Windows Phone 7 won’t have full multitasking for third-party apps, which, given Windows Mobile’s multitasking past, took people off guard. Here’s how Microsoft’s Scott Guthrie answers for this. Warning: The rationalisations might sound a little familiar.
Microsoft’s stance is one that’s been well-established by another company, and it revolves around broad experience. From a blogger roundtable at Mix today:
How do you trade-off battery life at the same time? As soon as you allow arbitrary apps to do things in the background, it can run out the battery pretty quickly.
In pointing out that background apps can drain your battery, Guthrie is right. Microsoft is taking a conservative approach in taking away the very option – the “hand grenade” – that is multitasking, in service of a smooth, predictable user experience on the whole. And yeah, for current smartphone platforms that do support multitasking, nobody’s come up with a truly user-friendly way to manage the apps – Android’s implementation is confusing to a lot of people, and Palm’s simpler system still causes slowdown, if left unchecked.
But let’s rewind for a second. Apple, instead of coming up with a true solution for the multitasking problem, built a push notification service in its place, announced in 2008. From their website:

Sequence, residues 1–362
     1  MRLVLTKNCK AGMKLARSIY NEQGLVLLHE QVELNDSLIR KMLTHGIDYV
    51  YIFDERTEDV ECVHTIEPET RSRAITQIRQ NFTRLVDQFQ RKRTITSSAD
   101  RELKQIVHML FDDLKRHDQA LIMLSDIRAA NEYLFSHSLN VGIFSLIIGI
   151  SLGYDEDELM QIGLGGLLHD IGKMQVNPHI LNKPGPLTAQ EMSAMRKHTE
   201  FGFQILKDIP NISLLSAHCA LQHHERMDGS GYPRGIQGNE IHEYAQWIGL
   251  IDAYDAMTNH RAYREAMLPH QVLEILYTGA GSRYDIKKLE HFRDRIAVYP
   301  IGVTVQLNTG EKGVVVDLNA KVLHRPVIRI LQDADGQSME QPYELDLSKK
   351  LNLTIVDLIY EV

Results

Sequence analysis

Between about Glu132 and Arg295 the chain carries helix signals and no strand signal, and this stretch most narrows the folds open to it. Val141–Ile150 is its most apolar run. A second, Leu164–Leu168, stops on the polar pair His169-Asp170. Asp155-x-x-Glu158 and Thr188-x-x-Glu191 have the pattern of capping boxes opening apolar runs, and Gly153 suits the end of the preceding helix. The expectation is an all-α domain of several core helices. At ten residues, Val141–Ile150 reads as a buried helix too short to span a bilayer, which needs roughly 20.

The Apple Push Notification service is designed with the mobility needs of iPhone and iPod touch users in mind. Most of the heavy lifting is handled between your servers and ours, so there’s less impact on battery life and performance than there would be if you ran the app in the background.
At the time, this was panned as a cheap workaround. Now, Microsoft says it’s planning almost the exact same thing. Apple’s workaround has worked well enough for them, but it’s been over a year and a half since their push notification announcement, which implicitly conceded that simple singletasking just isn’t good enough. It still isn’t, and push notifications are still going to be seen as a workaround.
Oh, and this video. This video!
What did that ever really mean? Aside from hubs – which are essentially widgets – I’m having trouble finding serious differences between Apple and Microsoft’s philosophy here. [Mix 2010]